The 21-year, right-wing, pro-U.S. military dictatorship that ensued was brutal and tyrannical, specializing in torture techniques used against dissidents that were taught to the dictatorship by the U.S. and U.K. A comprehensive 2014 Truth Commission report documented that both countries “trained Brazilian interrogators in torture techniques.” Among their victims was Rousseff, who was a pro-democracy, left-wing guerilla imprisoned and tortured by the military regime in the 1970s.
The coup itself and the dictatorship that followed were supported by Brazil’s oligarchs and their large media outlets, led by Globo, which — notably — depicted the 1964 coup as a noble defeat of a corrupt left-wing government (sound familiar?). The 1964 coup and dictatorship were also supported by the nation’s extravagantly rich (and overwhelmingly white) upper class and its small middle class. As democracy opponents often do, Brazil’s wealthy factions regarded dictatorship as protection against the impoverished masses comprised largely of non-whites. As The Guardian put itupon release of the Truth Commission report: “As was the case elsewhere in Latin America in the 1960s and 1970s, the elite and middle class aligned themselves with the military to stave off what they saw as a communist threat.”
These severe class and race divisions in Brazil remain the dominant dynamic. As the BBC put it in 2014 based on multiple studies: “Brazil has one of the highest levels of income inequality in the world.” The American Quarterly editor-in-chief Brian Winter, reporting on the protests, wrote this week: “the gap between rich and poor remains the central fact of Brazilian life – and these protests are no different.” If you want to understand anything about the current political crisis in Brazil, it’s crucial to understand what Winter means by that.
DILMA’S PARTY, PT, was formed in 1980 as a classic Latin American left-wing socialist party. To improve its national appeal, it moderated its socialist dogma and gradually became a party more akin to Europe’s social democrats. There are now popular parties to its left; indeed, Dilma, voluntarily or otherwise, has advocated austerity measures to cure economic ills and assuage foreign markets, and just this week enacted a draconian “anti-terrorism” law. Still, PT resides on the center-left wing of Brazil’s spectrum and its supporters are overwhelmingly Brazil’s poor and racial minorities. In power, PT has ushered in a series of economic and social reforms that have provided substantial government benefits and opportunities which have lifted millions of Brazilians out of poverty.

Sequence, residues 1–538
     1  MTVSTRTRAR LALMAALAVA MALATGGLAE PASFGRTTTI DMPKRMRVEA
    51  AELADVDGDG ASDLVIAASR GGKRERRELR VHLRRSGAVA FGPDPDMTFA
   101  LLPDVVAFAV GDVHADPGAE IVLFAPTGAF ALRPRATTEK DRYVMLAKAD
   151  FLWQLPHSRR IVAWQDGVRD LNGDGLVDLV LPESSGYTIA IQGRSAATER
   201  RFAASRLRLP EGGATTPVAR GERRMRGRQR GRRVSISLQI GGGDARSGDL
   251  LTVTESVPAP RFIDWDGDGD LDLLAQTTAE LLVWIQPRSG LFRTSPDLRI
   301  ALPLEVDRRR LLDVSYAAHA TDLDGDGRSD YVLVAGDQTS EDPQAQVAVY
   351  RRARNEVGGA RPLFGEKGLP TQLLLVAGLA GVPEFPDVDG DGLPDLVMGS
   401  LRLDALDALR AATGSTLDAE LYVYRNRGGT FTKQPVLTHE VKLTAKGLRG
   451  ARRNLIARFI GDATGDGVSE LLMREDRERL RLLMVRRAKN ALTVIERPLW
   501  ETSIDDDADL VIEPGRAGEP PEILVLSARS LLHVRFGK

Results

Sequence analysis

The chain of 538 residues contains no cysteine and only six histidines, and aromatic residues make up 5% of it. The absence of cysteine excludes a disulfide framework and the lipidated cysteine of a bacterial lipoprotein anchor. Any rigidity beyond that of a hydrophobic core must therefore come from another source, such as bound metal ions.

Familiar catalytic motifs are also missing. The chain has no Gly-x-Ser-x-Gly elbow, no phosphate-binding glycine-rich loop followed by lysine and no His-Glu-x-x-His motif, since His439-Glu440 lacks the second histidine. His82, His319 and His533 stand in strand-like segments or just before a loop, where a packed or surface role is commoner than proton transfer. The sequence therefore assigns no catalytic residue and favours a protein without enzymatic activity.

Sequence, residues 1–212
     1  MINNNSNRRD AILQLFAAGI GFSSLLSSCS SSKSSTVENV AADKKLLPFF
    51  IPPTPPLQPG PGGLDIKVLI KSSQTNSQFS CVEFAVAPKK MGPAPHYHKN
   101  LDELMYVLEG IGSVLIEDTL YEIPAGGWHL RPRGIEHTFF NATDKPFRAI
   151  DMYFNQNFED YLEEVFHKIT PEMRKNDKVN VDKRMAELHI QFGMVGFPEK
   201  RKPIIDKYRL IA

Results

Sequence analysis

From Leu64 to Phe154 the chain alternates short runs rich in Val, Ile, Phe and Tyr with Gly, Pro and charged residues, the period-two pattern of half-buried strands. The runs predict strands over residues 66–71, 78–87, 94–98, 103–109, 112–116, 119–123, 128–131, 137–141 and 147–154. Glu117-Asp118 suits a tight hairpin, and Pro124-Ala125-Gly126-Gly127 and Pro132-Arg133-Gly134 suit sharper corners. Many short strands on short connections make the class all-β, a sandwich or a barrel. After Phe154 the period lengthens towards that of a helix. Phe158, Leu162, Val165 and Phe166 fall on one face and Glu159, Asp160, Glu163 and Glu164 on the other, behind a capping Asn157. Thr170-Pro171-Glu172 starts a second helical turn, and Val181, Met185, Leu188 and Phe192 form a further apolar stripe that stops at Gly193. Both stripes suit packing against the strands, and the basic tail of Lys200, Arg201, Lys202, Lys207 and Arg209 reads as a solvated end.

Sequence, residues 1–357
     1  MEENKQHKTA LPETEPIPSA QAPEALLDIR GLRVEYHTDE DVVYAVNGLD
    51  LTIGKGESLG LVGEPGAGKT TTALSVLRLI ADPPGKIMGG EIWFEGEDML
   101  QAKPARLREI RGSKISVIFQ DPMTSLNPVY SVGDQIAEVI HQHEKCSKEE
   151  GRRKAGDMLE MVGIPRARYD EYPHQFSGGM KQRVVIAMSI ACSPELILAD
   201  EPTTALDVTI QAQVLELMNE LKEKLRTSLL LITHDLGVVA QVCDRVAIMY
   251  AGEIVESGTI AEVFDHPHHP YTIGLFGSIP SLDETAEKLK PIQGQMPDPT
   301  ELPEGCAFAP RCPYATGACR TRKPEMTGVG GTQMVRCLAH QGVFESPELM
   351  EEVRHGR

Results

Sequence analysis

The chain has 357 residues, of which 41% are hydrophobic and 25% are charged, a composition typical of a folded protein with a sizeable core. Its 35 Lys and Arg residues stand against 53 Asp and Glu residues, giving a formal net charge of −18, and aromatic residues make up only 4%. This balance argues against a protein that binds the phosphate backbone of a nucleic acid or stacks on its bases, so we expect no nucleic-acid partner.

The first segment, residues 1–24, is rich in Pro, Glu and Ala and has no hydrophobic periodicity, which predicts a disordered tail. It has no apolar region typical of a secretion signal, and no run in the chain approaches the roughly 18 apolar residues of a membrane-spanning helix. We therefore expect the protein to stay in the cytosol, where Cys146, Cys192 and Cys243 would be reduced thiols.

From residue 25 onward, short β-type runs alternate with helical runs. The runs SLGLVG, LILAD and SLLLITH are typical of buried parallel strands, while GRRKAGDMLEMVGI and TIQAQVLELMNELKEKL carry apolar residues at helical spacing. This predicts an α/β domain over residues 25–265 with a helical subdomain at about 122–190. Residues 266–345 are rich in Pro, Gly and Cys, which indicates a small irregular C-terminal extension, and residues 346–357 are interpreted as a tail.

PT has held the presidency for fourteen years: since 2002. Its popularity has been the by-product of Dilma’s wildly charismatic predecessor, Luíz Inácio Lula da Silva (universally referred to as Lula). Lula’s ascendency was a potent symbol of the empowerment of Brazil’s poor under democracy: a laborer and union leader from a very poor family who dropped out of school in the second grade, did not read until the age of 10, and was imprisoned by the dictatorship for union activities. He has long been mocked by Brazilian elites in starkly classist tones for his working-class accent and manner of speaking.
After three unsuccessful runs for the presidency, Lula proved to be an unstoppable political force. Elected in 2002 and re-elected in 2006, he left office with such high approval ratings
that he was able to ensure the election of his previously unknown hand-picked successor, Dilma, who was then re-elected in 2014. It has long been assumed that Lula — who vocally opposes